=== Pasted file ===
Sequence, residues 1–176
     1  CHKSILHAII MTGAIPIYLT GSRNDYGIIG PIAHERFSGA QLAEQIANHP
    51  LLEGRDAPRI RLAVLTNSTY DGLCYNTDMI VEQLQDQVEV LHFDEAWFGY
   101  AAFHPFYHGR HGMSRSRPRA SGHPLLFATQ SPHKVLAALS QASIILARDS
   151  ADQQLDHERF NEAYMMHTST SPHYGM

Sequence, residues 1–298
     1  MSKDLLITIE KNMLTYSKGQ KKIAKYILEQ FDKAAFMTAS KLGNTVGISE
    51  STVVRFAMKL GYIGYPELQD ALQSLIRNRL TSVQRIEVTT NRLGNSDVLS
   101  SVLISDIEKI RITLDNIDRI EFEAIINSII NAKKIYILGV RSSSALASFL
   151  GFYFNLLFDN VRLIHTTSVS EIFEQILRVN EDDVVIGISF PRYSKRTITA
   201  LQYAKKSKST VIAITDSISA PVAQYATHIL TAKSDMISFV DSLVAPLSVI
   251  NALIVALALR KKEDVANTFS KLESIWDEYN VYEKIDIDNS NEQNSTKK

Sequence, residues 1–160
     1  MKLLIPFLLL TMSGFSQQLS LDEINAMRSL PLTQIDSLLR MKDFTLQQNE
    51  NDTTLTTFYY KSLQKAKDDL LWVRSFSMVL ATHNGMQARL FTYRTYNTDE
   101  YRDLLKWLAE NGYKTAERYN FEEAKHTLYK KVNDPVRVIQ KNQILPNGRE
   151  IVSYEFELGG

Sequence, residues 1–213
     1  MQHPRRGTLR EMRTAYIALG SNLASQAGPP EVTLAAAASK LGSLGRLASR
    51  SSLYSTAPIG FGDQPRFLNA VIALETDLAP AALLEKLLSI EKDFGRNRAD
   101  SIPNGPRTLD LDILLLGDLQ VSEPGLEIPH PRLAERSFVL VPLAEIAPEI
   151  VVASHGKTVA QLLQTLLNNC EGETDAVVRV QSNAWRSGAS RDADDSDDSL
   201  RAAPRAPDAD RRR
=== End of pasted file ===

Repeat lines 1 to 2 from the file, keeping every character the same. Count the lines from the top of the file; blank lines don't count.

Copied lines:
Sequence, residues 1–176
     1  CHKSILHAII MTGAIPIYLT GSRNDYGIIG PIAHERFSGA QLAEQIANHP